In the workplace, air pollution or everyday exposure to carcinogens such as soot, asbestos or diesel engine exhaust fumes are more common causes.
The International Agency for Research on Cancer (IARCs) has an approved list of known and probable carcinogens. In addition to the ones mentioned, it identifies a range of other carcinogenic substances and processes specific to lung cancer. These include:
- Silica dust
- Ionising radiation
- Production of coal/coke
- Nickel compounds
- Production of rubber
- Production of aluminium, iron and steel
Exposure to many of these substances, particularly exposure significant enough to cause lung cancer, usually only occurs in the workplace. Industries at risk include manufacturing, construction and mining.
Being a long-latency disease, the symptoms of lung cancer often only appear years after exposure, therefore claims tend to relate to past employment. Symptoms can include: a persistent cough; chest pain; weight loss and loss of appetite; coughing up blood; tiredness; and weakness.
Occupational lung cancer claims
An estimated 21 per cent of lung cancers in men in the UK, and 5 per cent in women, are linked to occupational exposures (Cancer Research UK). Exposure to carcinogens in the workplace also accounts for a large majority of lung cancer compensation claims.
In most occupational lung cancer cases, the employer is liable if it can be proved that:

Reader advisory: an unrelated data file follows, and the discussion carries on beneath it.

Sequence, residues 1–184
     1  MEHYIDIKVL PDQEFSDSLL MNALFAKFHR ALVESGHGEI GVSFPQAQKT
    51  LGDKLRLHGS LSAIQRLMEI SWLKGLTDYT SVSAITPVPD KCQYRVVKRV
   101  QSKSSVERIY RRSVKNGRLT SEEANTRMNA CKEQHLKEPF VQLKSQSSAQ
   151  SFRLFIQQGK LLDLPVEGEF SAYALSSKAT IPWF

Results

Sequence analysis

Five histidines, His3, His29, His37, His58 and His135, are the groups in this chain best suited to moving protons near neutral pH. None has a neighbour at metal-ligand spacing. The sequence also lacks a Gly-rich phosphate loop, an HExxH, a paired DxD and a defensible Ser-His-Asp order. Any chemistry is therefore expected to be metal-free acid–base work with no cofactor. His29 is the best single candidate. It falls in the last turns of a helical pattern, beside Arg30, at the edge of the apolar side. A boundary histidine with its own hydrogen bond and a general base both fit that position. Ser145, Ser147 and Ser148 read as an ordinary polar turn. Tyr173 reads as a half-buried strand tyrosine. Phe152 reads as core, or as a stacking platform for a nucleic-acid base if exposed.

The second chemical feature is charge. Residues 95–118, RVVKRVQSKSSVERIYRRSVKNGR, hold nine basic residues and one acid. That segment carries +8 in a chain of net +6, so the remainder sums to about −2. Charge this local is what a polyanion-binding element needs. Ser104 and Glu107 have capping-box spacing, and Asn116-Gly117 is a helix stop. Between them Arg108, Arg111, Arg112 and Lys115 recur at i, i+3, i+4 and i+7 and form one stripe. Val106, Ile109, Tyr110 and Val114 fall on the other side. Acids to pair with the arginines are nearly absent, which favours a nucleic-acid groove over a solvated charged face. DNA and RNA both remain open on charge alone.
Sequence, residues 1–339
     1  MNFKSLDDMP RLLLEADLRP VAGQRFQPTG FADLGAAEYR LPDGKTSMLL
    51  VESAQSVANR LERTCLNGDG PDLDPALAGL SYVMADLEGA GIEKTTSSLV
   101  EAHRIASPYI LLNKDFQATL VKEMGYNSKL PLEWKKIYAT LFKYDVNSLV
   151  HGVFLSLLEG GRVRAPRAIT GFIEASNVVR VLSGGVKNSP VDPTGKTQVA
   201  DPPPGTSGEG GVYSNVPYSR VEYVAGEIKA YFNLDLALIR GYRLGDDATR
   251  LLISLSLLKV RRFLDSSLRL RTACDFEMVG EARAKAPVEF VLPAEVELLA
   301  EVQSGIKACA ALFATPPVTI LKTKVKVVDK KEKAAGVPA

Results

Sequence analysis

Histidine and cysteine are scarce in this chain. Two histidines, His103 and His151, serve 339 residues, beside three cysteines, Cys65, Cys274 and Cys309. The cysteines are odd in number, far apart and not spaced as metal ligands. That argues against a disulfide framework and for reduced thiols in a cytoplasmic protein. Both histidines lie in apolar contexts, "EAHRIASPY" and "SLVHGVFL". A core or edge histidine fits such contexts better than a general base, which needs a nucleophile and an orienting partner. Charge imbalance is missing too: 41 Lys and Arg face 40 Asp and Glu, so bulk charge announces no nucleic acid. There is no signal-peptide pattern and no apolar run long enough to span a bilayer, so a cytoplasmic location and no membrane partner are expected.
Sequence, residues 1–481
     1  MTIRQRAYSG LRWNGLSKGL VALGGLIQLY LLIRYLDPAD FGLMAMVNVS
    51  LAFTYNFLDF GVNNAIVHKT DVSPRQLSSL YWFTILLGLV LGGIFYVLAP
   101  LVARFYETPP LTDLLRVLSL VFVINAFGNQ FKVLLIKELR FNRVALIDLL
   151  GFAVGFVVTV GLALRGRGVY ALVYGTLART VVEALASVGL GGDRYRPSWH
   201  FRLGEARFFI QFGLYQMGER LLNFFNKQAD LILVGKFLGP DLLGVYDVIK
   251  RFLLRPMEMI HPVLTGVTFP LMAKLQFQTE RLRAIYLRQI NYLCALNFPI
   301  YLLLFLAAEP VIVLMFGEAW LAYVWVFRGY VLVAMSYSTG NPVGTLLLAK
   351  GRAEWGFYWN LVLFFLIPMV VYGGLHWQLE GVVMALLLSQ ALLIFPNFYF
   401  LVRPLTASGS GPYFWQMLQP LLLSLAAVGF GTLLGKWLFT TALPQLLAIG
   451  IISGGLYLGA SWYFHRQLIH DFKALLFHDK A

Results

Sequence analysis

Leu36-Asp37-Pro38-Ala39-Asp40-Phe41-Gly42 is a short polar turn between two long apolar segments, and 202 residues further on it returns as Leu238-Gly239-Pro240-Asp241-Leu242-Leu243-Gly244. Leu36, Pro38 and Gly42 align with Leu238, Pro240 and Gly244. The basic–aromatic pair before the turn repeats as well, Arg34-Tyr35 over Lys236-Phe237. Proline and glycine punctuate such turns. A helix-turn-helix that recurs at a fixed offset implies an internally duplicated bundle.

- Workplace exposure to carcinogens is the probable cause
- The employer acted negligently in their duty to prevent unnecessary exposure
Proving workplace exposure was the cause
During a medical examination arranged by a solicitor, a doctor will ask questions regarding past and current employment to ascertain whether workplace exposure was a likely cause.
However, proving lung cancer was caused by workplace exposure is not always straightforward.
For example, for a smoker who has worked in an asbestos-using industry, lung cancer could broadly have been caused by either their employment or the smoking. A claim may still be possible under such circumstances, provided that the type of lung cancer affecting the individual is more likely to be caused by the asbestos exposure, such as mesothelioma.
Demonstrating employer negligence
Employers have a legal duty to protect their employees from harm. This falls under the Health and Safety at Work etc. Act 1974 and, more specifically for lung cancer, the Control of Substances Hazardous to Health (COSHH).
If an employer failed to carry out an adequate risk assessment or to implement sufficient measures to control exposure to carcinogens, such as proper ventilation and suitable breathing apparatus, their actions could be deemed negligent.
Lung cancer and medical negligence
Medical negligence claims can arise following the misdiagnosis of lung cancer.